Is a Graduation-Party BYOB Request in Bad Taste?

Because all advice goes down easier with a drink (even a non-alcoholic one). Especially when it's picked at random from our columnist's extensive collection of community cookbooks.

Dear Pink Lady,

Two weeks ago via Facebook I was invited to an end-of-law-school dance party at a classmate's place. She invited something like 100 people. Two days ago, she sent out an e-mail reminding everyone to BYOB; however, the way she phrased it implied that if you didn't show up with a bottle of liquor, you shouldn't bother coming. Whenever I go to a house party, I bring a six-pack of beer, as it's only polite. So I was planning on taking something anyway, although not liquor. But I find it massively off-putting, two weeks after the invite, to send out a demand that everyone bring bottles of stuff (she'll have mixers and glasses). Not that it matters particularly, but she is pretty wealthy and can afford the booze way more than some of us can. I'm so offended I might skip the party. Is this really a huge breach of etiquette, or am I overthinking it?

—Not Making a Lawyer's Salary Yet

Dear Not a Lawyer,

Oh, what the Electronic Age hath wrought! If only everyone still sent out paper invitations to everything, a simple BYOB would be printed in a corner at the bottom, and that would be the only mention of it. But when one isn't paying the printer by the line, it can be far too easy to include far too many details in a simple invite, when really only the date and time and address are the information needed. Your classmate is indeed being rude in demanding that everyone only bring liquor—just because she may prefer vodka shots doesn't mean that all 100 of her guests do. If you can't afford to buy alcohol for everyone at your party, then you certainly can't complain about what alcohol people do bring. Besides, 100 bottles of liquor? That's just asking for all kinds of legal trouble, none of which any of you can afford, since you haven't even taken the bar.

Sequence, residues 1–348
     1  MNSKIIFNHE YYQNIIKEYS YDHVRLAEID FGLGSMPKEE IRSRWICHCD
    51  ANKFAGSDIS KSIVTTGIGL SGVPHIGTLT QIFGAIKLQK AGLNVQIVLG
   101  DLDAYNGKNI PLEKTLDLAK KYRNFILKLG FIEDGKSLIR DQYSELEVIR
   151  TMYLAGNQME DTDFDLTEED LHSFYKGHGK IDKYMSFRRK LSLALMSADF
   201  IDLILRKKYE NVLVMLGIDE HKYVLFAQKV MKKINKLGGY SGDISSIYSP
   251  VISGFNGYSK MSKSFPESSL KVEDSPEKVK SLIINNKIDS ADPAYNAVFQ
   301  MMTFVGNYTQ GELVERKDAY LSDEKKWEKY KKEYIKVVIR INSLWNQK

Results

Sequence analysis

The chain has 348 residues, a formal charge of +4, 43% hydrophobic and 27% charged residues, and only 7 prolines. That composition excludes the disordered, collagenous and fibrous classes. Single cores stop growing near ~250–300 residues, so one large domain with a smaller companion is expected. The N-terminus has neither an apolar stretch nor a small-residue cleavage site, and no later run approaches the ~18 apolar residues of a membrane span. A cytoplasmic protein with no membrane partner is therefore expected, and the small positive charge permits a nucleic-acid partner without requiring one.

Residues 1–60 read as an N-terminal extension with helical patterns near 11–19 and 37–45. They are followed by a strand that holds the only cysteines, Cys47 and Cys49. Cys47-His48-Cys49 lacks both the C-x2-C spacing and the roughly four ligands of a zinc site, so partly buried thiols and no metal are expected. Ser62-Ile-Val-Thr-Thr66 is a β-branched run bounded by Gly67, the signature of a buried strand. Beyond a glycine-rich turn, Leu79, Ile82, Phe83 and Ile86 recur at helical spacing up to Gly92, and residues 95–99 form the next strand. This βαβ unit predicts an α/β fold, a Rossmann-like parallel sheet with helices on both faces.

Still, you do seem to be overreacting just a little bit. You're graduating from law school, a reason to celebrate if there ever was one, whether or not the hostess of the party has breached etiquette. You won't see most of these people again, so make the most of the time you do have left. And you'll truly want a night to remember, so forget that six-pack of beer and get a few of your friends to chip in for the ingredients of "Bob's Party Punch"—it practically ensures a good time will be had by all (and a hangover will be had by a few).


The Pink Lady

Bob's Party Punch

1 fifth Southern Comfort

4 oz. light rum

8 oz. pineapple juice

1 c. grapefruit juice.

1/2 c. lemon juice

2 qts. champagne (brut or extra-dry, not rose)

Mix all ingredients except champagne and chill. When ready to serve, add champagne. Serve in a glass with ice and garnish with an orange slice. "Serves about 20 people, depends on the crowd! There is no substitute for the Southern Comfort."

This week's drinks are from The Pick of the Crop (Drew, Miss., 1978)

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Have a drink in need of a problem? You have a drink, what's the problem? (Unless you have a drinking problem, in which case sherbet punch, followed by AA, is the solution. Because sherbet punch makes even the most serious problems happy.)